Daily Archives: May 15, 2014

Fes (2) Medersa Bou Inania



Walking East of the Kasbah En Nouar along the Talaa Kebira main passageway into the Medina led me to The Medersa Bou Inania. The religious and most extravagant monument created during the Merenid period was completed during the 14th Century.  The cost of producing such a beautiful monument were so great that on completion the Sultan Abou Inan threw the accounts into the river and declared that such ‘a thing of beauty is beyond reckoning’. It certainly is a sight to behold even now and has been partially restored to its former glory including a wooden ‘water clock’ of 13 windows with overhanging struts perched above the main entrance in the passageway and also pictured in my previous post. This monument is regarded as the ‘Taj Mahal’ of Morocco. Somehow I slipped, accidentally, into a prayer hall that was supposedly off limits to non-muslims and sneaked some shots. Oops!

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My 3 day stay in Fes did not all go as planned. I was keen to try out different foods. One less than palatable thing was a salted rancid butter. I bought a little and forced it down..with a little bread. This turned into a bit of a horrorshow experience. My guts turned into a portable water cannon and I was so faint with dehydration that I could barely stand. The salty sachets of medicine I got from the nearest pharmacy tasted horrible too. I lost my third day in Fes laying in bed and trying to get fit for the next stage of my bike ride. My fault I guess. I imagine that the rancid butter  I ate had been teeming with bacteria and given me food poisoning. Anne, at home, suggested that maybe I had contracted dysentery and it was not something that she would like brought back. As a nurse she is always so caring… However  I improved sufficiently to feel fine  (and stand without falling over) about cycling to Meknes.


I left early and made my way to the gate Bab Mahrouk. Swallows filled the air and swooped low. The main walls have small holes in them and swallows use them for their nests.

Once again I felt a little sad to leave. It is difficult to leave such amazing, magical places. Despite the tummy complaint Fes had been a wonderful experience and most of the people I had met one way or another had been very friendly.

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Fes (Fez)



I pulled an all nighter and, having arrived in Fes (Fez) El Bali at three in the morning, found my way to the Western gate of Bab Boujeloud. It is a focus for travellers and many of the budget hotels are nearby. Once again street cleaners were my friends. The well equipped municipal cleaning services are very efficient at clearing the streets of the previous days rubbish. I had wandered in to a Southern gate of the Medina and after asking directions was escorted to Bab Boujeloud by one of the cleaners. I found the well recommended Hotel Cascade just inside the gate and returned to sit next to a Cafe with some of the cleaning team managers. The Cafe opened very early and so was able to enjoy a badly needed coffee.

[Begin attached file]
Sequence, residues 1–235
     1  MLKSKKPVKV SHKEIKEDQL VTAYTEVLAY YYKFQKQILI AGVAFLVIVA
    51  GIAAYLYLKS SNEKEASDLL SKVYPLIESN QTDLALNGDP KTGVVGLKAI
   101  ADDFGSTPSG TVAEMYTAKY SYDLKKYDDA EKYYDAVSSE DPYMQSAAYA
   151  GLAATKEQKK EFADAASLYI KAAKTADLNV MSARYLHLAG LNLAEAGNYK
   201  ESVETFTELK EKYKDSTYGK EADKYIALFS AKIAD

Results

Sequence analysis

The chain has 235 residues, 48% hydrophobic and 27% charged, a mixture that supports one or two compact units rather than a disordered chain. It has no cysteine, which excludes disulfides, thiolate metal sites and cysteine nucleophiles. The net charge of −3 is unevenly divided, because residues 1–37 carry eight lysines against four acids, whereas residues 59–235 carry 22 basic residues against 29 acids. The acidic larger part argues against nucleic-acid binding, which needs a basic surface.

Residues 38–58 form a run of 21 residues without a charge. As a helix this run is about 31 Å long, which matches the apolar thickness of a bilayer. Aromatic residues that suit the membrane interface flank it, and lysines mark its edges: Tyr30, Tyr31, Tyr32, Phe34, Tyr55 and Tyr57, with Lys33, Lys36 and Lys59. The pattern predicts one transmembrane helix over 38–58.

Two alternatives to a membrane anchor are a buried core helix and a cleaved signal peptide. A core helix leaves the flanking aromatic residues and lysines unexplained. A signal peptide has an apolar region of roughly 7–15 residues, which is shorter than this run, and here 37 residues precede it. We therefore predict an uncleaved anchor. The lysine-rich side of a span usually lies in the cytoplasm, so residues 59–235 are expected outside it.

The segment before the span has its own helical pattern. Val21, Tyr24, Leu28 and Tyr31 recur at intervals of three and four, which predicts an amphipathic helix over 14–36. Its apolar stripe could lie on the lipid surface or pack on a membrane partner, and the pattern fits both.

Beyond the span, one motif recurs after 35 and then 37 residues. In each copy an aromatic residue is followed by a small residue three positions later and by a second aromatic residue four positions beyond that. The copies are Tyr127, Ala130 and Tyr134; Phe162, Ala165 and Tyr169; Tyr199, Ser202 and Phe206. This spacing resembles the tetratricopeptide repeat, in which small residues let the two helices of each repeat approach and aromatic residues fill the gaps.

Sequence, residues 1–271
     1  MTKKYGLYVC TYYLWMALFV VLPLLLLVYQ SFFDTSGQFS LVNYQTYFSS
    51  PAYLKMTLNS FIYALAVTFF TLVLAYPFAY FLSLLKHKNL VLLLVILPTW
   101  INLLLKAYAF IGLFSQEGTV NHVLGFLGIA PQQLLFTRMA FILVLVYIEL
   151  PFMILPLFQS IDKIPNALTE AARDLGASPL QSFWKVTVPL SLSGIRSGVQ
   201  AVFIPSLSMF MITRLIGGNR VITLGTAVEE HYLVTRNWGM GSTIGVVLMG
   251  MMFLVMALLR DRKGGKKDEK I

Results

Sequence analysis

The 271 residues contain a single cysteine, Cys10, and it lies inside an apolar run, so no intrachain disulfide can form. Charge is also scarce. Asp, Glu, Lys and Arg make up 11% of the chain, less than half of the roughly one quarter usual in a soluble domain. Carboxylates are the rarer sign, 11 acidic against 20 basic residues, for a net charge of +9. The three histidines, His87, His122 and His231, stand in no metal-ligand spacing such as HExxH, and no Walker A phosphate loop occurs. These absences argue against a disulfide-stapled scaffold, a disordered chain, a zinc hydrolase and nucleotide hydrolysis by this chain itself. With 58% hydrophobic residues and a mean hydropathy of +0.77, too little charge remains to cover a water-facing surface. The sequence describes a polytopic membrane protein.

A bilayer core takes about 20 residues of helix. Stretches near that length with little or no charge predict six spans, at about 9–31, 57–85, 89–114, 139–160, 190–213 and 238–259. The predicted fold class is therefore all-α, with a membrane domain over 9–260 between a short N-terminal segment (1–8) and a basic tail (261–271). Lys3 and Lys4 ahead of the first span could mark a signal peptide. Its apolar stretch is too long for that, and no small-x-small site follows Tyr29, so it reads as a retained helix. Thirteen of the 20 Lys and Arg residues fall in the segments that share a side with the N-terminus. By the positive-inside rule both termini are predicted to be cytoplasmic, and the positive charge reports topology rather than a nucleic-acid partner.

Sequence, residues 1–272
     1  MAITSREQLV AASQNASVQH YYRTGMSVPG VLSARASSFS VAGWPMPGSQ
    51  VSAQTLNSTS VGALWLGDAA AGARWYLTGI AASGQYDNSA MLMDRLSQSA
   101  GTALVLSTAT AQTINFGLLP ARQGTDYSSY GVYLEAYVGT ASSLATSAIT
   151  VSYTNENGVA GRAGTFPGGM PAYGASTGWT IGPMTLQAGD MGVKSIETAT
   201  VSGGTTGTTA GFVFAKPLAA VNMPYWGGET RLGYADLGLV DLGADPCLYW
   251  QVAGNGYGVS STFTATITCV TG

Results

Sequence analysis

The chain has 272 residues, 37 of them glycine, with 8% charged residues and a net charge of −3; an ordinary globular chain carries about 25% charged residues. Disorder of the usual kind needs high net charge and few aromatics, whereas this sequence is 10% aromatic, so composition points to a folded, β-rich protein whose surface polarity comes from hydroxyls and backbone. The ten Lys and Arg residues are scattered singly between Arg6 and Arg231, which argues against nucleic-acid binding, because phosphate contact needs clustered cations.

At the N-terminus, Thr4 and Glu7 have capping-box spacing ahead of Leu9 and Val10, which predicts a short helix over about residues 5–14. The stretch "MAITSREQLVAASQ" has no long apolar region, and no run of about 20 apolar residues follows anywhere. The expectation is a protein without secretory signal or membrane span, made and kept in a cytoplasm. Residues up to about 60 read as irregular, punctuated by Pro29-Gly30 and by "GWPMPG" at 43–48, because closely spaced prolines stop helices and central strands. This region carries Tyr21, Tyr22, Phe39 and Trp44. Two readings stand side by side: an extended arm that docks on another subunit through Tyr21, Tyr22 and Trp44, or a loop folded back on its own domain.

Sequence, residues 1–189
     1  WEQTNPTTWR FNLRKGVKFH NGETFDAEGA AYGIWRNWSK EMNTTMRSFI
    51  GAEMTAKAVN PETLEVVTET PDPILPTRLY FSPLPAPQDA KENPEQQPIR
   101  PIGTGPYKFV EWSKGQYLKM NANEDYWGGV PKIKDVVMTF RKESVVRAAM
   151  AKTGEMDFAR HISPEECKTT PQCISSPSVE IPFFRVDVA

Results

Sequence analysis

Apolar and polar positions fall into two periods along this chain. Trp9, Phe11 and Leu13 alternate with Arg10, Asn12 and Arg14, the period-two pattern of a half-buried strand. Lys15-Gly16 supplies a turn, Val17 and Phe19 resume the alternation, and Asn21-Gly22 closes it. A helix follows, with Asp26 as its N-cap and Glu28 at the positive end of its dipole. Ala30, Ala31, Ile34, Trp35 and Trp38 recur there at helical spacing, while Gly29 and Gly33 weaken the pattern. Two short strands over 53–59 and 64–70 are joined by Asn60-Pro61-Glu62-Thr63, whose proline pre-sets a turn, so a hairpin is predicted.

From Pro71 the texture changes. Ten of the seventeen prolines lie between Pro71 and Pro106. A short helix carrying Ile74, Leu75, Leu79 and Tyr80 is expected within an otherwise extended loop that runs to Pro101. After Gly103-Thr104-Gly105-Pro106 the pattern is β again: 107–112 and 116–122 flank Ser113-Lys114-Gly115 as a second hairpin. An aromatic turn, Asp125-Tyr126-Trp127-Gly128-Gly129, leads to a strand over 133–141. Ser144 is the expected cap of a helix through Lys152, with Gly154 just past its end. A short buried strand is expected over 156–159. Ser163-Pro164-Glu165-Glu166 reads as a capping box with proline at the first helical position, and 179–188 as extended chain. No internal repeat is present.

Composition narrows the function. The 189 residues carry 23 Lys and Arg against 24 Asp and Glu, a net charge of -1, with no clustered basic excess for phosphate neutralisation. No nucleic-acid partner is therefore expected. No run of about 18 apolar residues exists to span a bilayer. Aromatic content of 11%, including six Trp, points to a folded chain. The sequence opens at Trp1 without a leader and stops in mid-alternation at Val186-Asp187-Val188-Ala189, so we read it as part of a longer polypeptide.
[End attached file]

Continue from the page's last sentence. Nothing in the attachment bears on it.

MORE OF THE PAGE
The Hotel Cascade figures in every guide book as the ‘grandaddy’ of budget hotels with an excellent position to explore the medina and unmatched roof terrace with good views. With such publicity it is oversubscribed by backpackers.  Once open I peered in the doorway. The stairs are narrow and it looked quite unsuitable for carrying my bike. As it turned out there were no rooms available. Wearily I began the arduous task of finding somewhere suitable to ‘hang my coat’. Round and round I tramped. There are lots of Riads tucked away down passageways but the thought of forking out for some overblown boutique hotel kept me from making enquiries. Eventually I found myself at the gateway to the old Kasbah en Nouah a few minutes walk up from the Cascade Hotel. I was suddenly met with a flashing smile and an invitation to look at his ‘hotel’.. My knee-jerk reaction to such suggestions is usually a polite ‘no thanks’ but on this occasion I thought I would check it out. Through the 15th century gate and immediately on the left was the ‘Pension El Kasbah’. This man was the owner.. and his father had a small food shop opposite. It was delightful and cheap! Traditional Moroccan furnishings, fabulous hot shower, rooftop balcony and good facilities.  Initially I was offered a slightly pokey room without a window but then negotiated a lovely double on the first floor close to the wifi router. Lady luck had smiled on me and I had landed very nicely in Fes.



Fes itself compares to Marrakech in terms of the Medina and its complex maze of passageways that provide a spectacular display of medieval buildings. However Fes predates Marrakech and enjoyed a ‘golden age’ of prosperity during the 13th to 15th centuries during which it became the ‘Baghdad of the West’. The Medina at Fes El Bali has UNESCO world heritage status and is cited as the worlds largest car free urban area. Personally I preferred Fes as a city over Marrakech and felt that it offered a better experience. Fes is set amongst hills and has many historical sites spread across the city as a whole. The old city Medina reminded me of Kathmandu and a magical step back in time. However Marrakech seemed better for shopping, traditional crafts, workshops and well positioned as a starting point for desert excursions or mountain trekking. I feel lucky to have had the privilege to visit both places..

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